Link Made Between Human Growth Hormone, Bone Quality In Mice

March 30, 1998

EDITORS: A black-and-white slide comparing magnified cross-sections of bone in experimental and control mice is available on request.

ANN ARBOR---Laboratory mice which have been genetically altered to produce human growth hormone grow to be 25-30 percent larger than normal mice---with much of that size difference coming from bigger bones, according to University of Michigan researchers. The trade-off for bigger bones in adolescence, however, appears to be poorer bone quality, increased brittleness and less resistance to fractures as mice age.

Steven A. Goldstein, professor of surgery in the U-M Medical School and professor of biomedical engineering in the U-M College of Engineering, suggested his results, while preliminary, raise a "red flag" on the increasing use of human growth hormone in short children and as a "fountain-of-youth drug" in the elderly.

The study by Kuo-Fung Tseng, now with the Veterans General Hospital in Taipei, Taiwan, and Goldstein is published in the April 1998 issue of the Journal of Bone and Mineral Research.

The U-M study was designed to learn more about complex feedback mechanisms between genes and mechanical forces, which control how bones grow and develop. "This balance between structure and function has evolved over years of mammalian evolutionary development to produce bone strong enough for an animal's daily activity, but not so strong that it requires too much energy to grow and maintain," Goldstein said. "Disturbances in this well-balanced relationship could result in bone fragility diseases, such as osteoporosis."

Thirty-nine of the male mice in the U-M study were transgenic---meaning that their DNA contained both mouse and human genes. These mice were able to secrete large amounts of human growth factor, because the human gene which triggers production of this hormone had been inserted into their DNA during the fertilized egg stage of development. Thirty-six male control mice in the study were littermates of the experimental mice, but did not carry the gene for human growth hormone.

According to Goldstein, mean body weights of the two groups were identical until the puberty growth spurt, which begins when mice are between four and nine weeks old. "After 12 weeks of age, the transgenic mice were 25 to 30 percent larger in body weight and size than their littermate controls," Goldstein said. "At 16 weeks, the femurs or long upper leg bones of the experimental mice were significantly larger, thicker and longer than those of the control mice."

To test for strength and fracture resistance, Tseng and Goldstein removed femurs from both groups of mice and bent them in a mechanical testing device until they broke. While leg bones from transgenic mice were stronger at 16 weeks of age, the smaller leg bones from control mice were just as strong or even stronger by about 24 weeks.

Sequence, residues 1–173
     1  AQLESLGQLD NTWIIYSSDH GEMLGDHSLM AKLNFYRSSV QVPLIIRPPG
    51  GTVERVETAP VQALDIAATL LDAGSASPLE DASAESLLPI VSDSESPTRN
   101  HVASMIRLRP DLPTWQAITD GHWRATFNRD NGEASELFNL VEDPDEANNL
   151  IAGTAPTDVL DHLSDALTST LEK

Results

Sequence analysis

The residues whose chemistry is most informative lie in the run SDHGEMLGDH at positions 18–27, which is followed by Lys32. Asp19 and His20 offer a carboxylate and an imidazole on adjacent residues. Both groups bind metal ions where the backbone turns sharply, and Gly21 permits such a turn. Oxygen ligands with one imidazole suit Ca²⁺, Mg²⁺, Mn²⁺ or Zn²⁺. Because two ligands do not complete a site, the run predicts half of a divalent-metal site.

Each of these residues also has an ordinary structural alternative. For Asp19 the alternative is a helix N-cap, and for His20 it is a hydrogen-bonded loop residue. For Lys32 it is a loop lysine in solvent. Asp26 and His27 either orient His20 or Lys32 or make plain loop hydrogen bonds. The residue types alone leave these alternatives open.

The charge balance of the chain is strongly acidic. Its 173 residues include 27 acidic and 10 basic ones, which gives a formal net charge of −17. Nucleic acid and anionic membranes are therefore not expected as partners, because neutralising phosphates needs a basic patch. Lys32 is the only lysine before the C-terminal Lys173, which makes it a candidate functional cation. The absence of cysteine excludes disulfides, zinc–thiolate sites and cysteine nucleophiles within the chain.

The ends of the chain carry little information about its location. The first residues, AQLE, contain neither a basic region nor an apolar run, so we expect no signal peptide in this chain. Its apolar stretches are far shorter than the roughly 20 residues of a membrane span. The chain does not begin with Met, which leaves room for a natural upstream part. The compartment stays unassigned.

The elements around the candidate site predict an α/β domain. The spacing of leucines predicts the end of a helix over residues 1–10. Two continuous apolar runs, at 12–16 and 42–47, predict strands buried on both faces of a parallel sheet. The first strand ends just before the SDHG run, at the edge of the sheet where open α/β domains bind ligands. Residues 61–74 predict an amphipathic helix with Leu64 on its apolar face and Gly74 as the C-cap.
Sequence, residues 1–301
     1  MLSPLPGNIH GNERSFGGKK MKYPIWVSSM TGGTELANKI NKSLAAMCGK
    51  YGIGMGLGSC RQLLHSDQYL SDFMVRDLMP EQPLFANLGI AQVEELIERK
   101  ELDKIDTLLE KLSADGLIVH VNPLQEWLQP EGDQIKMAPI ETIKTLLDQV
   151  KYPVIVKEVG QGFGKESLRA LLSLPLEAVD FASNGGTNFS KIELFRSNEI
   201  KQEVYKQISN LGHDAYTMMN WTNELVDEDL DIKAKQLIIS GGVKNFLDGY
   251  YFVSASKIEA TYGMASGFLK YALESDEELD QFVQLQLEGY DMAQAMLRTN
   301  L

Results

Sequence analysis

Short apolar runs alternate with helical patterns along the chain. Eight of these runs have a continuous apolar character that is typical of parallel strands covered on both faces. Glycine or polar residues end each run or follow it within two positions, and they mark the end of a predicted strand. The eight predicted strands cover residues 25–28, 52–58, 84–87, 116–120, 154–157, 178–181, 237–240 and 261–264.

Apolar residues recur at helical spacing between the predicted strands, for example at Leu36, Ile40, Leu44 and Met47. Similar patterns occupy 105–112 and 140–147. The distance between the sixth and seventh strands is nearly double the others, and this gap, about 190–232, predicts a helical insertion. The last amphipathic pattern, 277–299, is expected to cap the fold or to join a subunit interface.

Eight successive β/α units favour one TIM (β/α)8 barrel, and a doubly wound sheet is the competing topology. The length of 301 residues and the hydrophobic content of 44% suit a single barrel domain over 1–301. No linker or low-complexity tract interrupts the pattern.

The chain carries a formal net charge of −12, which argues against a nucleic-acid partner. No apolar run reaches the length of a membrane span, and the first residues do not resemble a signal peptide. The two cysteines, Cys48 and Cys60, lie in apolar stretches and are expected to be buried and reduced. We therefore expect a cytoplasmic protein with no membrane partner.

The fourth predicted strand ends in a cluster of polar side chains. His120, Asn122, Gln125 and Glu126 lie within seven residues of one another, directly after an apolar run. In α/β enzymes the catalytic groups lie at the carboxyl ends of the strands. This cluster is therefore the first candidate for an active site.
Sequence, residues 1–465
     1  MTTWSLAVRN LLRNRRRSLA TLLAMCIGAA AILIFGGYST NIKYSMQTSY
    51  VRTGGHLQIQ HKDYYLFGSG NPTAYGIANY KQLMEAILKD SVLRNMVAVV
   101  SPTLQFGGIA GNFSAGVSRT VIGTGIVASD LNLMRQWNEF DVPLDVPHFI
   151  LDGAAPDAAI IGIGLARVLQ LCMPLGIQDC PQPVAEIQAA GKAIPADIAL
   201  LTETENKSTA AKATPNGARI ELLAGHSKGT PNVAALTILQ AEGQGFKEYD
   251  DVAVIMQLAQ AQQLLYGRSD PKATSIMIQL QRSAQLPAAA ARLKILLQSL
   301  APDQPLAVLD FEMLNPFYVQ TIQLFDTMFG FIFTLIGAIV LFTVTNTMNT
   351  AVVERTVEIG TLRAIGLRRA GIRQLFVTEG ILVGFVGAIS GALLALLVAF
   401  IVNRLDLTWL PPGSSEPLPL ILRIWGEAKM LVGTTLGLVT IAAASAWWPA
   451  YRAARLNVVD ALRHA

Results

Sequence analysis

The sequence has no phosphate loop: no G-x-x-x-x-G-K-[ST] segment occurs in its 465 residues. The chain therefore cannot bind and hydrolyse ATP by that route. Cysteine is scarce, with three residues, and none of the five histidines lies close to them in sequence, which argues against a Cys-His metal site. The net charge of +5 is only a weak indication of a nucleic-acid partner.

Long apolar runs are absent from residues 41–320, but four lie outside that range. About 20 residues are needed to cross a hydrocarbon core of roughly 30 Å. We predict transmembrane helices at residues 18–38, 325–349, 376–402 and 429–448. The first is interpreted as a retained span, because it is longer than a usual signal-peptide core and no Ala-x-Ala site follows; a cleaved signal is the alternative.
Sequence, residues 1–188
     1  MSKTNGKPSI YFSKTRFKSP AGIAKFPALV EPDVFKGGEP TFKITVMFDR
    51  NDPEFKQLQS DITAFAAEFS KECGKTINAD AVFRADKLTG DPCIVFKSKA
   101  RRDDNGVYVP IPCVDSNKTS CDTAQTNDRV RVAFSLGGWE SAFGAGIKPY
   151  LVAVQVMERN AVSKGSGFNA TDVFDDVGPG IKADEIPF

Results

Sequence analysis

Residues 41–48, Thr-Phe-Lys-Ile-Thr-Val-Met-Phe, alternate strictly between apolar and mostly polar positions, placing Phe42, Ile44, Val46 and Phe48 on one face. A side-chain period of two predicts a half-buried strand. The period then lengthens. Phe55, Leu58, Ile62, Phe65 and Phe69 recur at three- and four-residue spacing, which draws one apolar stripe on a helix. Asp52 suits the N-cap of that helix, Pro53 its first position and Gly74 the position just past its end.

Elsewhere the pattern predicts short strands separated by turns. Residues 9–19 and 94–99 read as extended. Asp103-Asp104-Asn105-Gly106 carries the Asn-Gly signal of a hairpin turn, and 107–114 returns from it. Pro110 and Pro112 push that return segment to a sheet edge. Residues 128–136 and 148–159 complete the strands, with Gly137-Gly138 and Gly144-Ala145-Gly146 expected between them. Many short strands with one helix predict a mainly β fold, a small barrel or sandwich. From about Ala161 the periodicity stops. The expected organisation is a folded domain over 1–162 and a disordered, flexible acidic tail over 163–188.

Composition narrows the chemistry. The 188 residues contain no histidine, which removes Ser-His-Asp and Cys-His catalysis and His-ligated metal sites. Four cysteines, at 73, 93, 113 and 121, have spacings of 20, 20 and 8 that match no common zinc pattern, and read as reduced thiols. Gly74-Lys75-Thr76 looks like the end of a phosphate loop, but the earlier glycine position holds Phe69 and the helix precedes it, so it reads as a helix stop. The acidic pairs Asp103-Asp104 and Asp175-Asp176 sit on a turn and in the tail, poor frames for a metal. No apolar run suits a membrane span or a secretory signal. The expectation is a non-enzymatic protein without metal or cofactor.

"We saw a continual degradation of mechanical properties in the bones of transgenic mice as they aged," Goldstein said. When they examined cross-sections of bone under a microscope, Tseng and Goldstein found the transgenic mice had more cartilage, woven bone and porous areas in their bone tissue and a lower ash content than did the same bones in age-matched control mice. They also found that transgenic mice had higher levels of bone resorption as they aged than did normal mice.

Goldstein said more research will be necessary to pin down exactly how growth hormone upsets the natural balance between structure and function in developing mouse bone.

"It may be that inferior bone quality is a direct result of too-rapid bone growth or the presence of growth hormone itself," Goldstein said. "We believe it's more likely that the animal's adaptive feedback mechanism, sensing more stress on bones during the growth spurt, increases bone growth to restore a balance between structure and function. After puberty, the mechanism senses less stress and triggers increased bone resorption to restore the balance again. In the process of maintaining whole bone structural integrity, the mechanical integrity of tissue may be sacrificed."

"While we don't yet understand exactly how this mechanism works in mice, much less people, it appears that the same process which makes bone grow larger is doing so at the expense of bone quality," Goldstein said. "Until we know more, I would be cautious about prescribing human growth hormone, especially to individuals without a specific medical need, without giving any thought to the possible consequences."

The study was funded by the National Institutes of Health and the Frederick Fischer Endowment for pediatric orthopedic research at the U-M. Jeffrey F. Bonadio, a senior associate research scientist in the U-M Medical School, also was a key collaborator in the research program.

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University of Michigan

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